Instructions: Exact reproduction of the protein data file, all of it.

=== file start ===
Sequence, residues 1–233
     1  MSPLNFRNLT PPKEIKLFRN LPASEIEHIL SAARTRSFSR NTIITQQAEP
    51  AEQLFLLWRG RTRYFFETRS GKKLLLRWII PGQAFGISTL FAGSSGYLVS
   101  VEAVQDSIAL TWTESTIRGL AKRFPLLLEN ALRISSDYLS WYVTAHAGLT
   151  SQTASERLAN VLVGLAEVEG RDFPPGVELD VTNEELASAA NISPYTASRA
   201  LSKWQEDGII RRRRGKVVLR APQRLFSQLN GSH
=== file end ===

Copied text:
Sequence, residues 1–233
     1  MSPLNFRNLT PPKEIKLFRN LPASEIEHIL SAARTRSFSR NTIITQQAEP
    51  AEQLFLLWRG RTRYFFETRS GKKLLLRWII PGQAFGISTL FAGSSGYLVS
   101  VEAVQDSIAL TWTESTIRGL AKRFPLLLEN ALRISSDYLS WYVTAHAGLT
   151  SQTASERLAN VLVGLAEVEG RDFPPGVELD VTNEELASAA NISPYTASRA
   201  LSKWQEDGII RRRRGKVVLR APQRLFSQLN GSH